Apart from exporting in XML format, it also has several graphical interfaces and can even serve CGI on an Apache web server, allowing custom CSS for us, if we want.
Description: Tool duc per command terminal
Caption: duc tool in graphical mode, user desktop
A command that comes in most Linux distributions, and that we will even be able to integrate to duc (it is easier said than to program it) is stat, the dates of creation, access, modification and change of state. To do this we will use the parameter –format= accompanied by %U, %X, %Y and %Z (Epoch format and ready to save in the database for monitoring). We will have to wait for file systems to support the creation date; it all depends on the distro used.
There are many reasons to keep track of certain directories or files, very far from the privacy of users, because each application creates its virtual users and their corresponding files. If we need to know in real time the changes, we will add to our code the inode notify library (inotify) and the kernel of the operating system itself will help us in that aspect.
Here we will have to install in our Linux systems, either with yum, apt, snap, etc., to be able to have this auxiliary program in our arsenal. It searches for “repeated” files with the particular characteristic that it creates a virtually unique piece of information (“hash”) for each file. This creates a virtually unique footprint based on the content of the file: with a single byte that changes we’ll get a different hash, so hashes are useful for creating backup catalogs “in the cloud”.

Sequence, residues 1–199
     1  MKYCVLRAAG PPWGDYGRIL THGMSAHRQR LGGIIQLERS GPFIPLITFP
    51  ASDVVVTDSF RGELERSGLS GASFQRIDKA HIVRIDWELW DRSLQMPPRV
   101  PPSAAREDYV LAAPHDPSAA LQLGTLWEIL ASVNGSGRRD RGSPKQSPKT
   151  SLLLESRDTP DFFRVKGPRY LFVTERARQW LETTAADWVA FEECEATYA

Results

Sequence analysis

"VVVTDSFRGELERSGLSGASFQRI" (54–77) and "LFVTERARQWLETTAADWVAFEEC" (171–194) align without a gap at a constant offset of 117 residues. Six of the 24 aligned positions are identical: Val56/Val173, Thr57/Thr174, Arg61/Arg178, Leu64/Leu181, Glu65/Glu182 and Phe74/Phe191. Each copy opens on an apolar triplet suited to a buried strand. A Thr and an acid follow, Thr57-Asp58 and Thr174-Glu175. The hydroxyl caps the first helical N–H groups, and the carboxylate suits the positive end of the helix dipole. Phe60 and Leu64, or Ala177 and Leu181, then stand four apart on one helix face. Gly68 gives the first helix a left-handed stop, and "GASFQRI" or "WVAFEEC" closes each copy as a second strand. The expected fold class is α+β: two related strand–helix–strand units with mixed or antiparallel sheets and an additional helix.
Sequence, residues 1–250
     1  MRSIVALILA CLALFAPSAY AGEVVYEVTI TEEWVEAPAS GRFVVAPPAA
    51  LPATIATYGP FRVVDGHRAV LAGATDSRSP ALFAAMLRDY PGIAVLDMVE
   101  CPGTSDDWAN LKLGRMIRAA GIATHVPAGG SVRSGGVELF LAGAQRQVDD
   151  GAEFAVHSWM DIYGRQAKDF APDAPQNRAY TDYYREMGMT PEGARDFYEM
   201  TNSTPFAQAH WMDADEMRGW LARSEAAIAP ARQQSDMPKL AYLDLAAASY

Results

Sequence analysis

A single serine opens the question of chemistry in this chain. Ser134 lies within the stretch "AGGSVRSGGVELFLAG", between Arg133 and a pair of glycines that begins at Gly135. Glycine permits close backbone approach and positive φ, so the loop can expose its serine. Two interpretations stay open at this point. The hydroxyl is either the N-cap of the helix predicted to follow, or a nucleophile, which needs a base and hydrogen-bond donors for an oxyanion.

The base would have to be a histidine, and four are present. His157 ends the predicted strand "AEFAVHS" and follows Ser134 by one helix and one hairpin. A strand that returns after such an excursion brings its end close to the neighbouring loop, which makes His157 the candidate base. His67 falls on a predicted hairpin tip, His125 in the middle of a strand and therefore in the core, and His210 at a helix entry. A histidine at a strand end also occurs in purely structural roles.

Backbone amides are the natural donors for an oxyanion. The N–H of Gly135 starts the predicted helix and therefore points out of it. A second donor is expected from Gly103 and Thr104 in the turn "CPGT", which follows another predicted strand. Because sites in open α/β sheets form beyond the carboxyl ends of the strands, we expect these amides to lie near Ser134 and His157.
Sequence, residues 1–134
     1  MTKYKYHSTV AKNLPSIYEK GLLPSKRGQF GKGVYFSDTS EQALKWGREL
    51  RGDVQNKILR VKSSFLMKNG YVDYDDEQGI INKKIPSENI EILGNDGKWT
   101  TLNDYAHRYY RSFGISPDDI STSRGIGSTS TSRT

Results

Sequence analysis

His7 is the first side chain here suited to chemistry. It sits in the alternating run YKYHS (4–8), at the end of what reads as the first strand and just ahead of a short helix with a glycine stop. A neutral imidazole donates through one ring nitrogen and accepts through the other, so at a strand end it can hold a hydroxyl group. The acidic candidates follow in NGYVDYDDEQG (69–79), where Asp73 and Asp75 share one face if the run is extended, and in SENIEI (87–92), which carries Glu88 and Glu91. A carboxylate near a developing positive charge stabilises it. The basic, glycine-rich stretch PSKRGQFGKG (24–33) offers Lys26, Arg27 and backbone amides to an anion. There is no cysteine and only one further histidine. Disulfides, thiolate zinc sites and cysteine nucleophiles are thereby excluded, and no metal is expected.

So we can know for sure if two files, despite having different names, dates, etc., have the same content (the possibility that they have different content with the same hash is one among many millions – that is called a “collision”-). With duff we will be able to choose high levels of hash creation, up to SHA512 but by default it works with SHA1.
Although duff reads files in their entirety, its content itself is careless: there are applications that search for metadata within documents, either based on the file extension (e.g. .odt, text document; .xlsx, spreadsheet) or simply by testing known data structures against the beginning of each file, if it does not have an extension or if the extension does not match the data structure.
A step beyond on fixed disk usage
We have been hearing about the operating systems that will use databases as file systems (OS-BD); that is, the duc approach but combined with stat and duff, as well as the metadata and key data within the documents, which would no longer be called files but simply documents. Of course, file systems will continue to exist: if a user removes his OS-BD on an external storage unit, we have to remove it as a file, because we do not know if the other OS handles such a database type (although with free software this is quickly done if you have an Internet connection). Pandora FMS is quite ready to monitor databases, and in fact its operation is based on its intensive use.
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El equipo de redacción de Pandora FMS está formado por un conjunto de escritores y profesionales de las TI con una cosa en común: su pasión por la monitorización de sistemas informáticos.
Pandora FMS’s editorial team is made up of a group of writers and IT professionals with one thing in common: their passion for computer system monitoring.